A primary school principal has labelled the government's class size policy a "slap in the face", saying the education minister must be "crazy" if she thinks it will help existing teachers or attract new ones.
Jan Tinetti earlier on Monday announced $106 million to put more 320 teachers into classes teaching years four to eight, dropping the average class size for those years from 29 pupils per teacher, to 28.
The goal was not expected to be met until 2025, Tinetti saying she was "not happy with the downward trends we are seeing in maths, reading and writing".
The election-year promise was met with incredulousness by the principal of one lower-decile school, who said it should have been a reduction of five - not one.
"I just think it's ludicrous," Finlayson Park School principal Shirley Maihi told Checkpoint. "I think it's a slap in the face. And it certainly won't entice people to come into the teaching profession."
Tinetti said potential reductions in class sizes "over the long-term" would be looked at by a ministerial advisory group.
"For the minister Tinetti to think she needs more time… I mean, she comes from a principal background," Maihi said. "She should know what the issues are… Surely we don't need another four or five years of people sitting around a table and talking about what the needs are. It's got to happen now."
NZEI Te Riu Roa, which represents more than 46,000 principals, teachers and support staff said the 1:29 ratio had been in place since 1996, and a review from 2000 recommended making it 1:25.
"Our members have been campaigning for a reduction in class sizes and improved staffing for many years. It was a key reason for our most recent strike on 16 March," president Mark Potter said in a statement welcoming the new funding.
The National Party leader said he was sceptical about the government's ability to actually reduce class sizes and increase the number of teachers.
Christopher Luxon called the proposal "a bit hard to stomach" on the back of Prime Minister Chris Hipkins being education minister for five-and-a-half years before Tinetti.
"If it was so important, why didn't he do it five-and-a-half years ago? It's something that we support obviously, but I'm very sceptical about this government's ability to get it done. The real challenges we have is that half our kids arrive at high school not where they need to be in terms of expectations - that's because we're not teaching the basics well, of maths, reading and writing, and setting them up for success."
National in 2012 proposed increasing the average class size to cut costs, but ultimately backed down. Labour went into the 2014 election promising to slash the ratio down to 1:26 for primary school classes, but was not elected.
National's flagship education policy this election is to mandate an hour of writing, reading maths every single day. Luxon said this would address serious issues with literacy and numeracy in primary and intermediate schools.
Earlier on Monday, Tinetti noted the 2019 National Monitoring Study of Student Achievement (NMSSA) found in writing, at year 4 nearly two-thirds of students were achieving at the expected level, dropping to just 35 percent by year 8; and in reading, the drop was from 63 to 56 percent.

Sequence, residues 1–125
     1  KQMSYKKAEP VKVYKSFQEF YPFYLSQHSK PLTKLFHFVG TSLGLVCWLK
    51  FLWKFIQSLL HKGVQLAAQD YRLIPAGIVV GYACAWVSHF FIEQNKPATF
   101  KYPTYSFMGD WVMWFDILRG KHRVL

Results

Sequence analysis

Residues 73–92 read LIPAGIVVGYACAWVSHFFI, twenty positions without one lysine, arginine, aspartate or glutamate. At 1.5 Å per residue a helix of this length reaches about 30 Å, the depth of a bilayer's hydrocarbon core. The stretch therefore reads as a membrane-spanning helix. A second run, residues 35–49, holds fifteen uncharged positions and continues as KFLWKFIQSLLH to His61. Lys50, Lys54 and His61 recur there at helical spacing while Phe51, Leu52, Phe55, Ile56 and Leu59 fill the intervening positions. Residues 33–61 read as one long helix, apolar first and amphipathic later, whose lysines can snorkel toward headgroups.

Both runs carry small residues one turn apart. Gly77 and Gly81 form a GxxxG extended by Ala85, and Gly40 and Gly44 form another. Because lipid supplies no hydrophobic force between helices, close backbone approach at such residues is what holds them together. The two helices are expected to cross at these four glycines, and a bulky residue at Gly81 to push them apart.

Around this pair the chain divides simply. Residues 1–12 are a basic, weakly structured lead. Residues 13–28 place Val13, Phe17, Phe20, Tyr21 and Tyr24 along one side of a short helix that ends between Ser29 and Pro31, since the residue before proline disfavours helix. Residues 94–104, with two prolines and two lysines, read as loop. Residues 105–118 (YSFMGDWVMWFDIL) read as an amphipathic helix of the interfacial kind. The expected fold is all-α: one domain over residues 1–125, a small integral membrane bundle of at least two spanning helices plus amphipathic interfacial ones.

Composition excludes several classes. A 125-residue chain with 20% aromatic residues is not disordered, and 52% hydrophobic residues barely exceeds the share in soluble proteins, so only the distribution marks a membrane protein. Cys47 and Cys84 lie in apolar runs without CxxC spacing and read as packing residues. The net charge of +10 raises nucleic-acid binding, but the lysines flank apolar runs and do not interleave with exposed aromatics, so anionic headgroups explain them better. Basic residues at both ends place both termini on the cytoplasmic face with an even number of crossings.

The most recent maths figures were for 2018, which showed 81 percent achieving at year 4, but just 45 percent by year 8.
"We used to do it really well in this country, you know?" said Luxon. "Fifty percent of our kids showing up at high school not ready to go… two-thirds of our 15-year-olds failed the most basic maths, reading and writing test."
In 2018, Labour had only just come to power the year before. According to that year's NMSSA, year 8 students' results were higher than in 2013, and the difference for year 4s was not statistically significant.
For writing, the 2019 NMSSA found "no significant change in the proportion of students achieving at the expected curriculum level" between tests done between 2012 and 2015, and 2019, but "proportion of students achieving at the expected level in year 8 remains low".
Speaking to Checkpoint ahead of Maihi, Tinetti denied there was a teacher shortage - at least in primary schools.
"We've had teachers that are coming in from overseas and we've brought in 1000 of them so far over the last couple of years. Since 2017, we've increased by 3000 the number of teachers working within the system already.
"But we also know that we've got to train more teachers, and that's why we're looking at different ways of piloting how we train our teachers. And we've got those pilots up and running in Auckland."
She said the new policy "absolutely can" get the ratio in primary schools down to 1:28, but would not comment on existing negotiations with teachers on pay and conditions.
Maihi said it was "absolutely not true" there was no shortage of teachers in the primary system - saying she had three vacancies at present, but would not settle for just anyone.
"We need New Zealand-trained, good quality teachers. I'm sorry, there's very few out there, very few, and they don't seem to come to schools in lower-decile areas because of the perception… quality teachers are not available to many of our schools."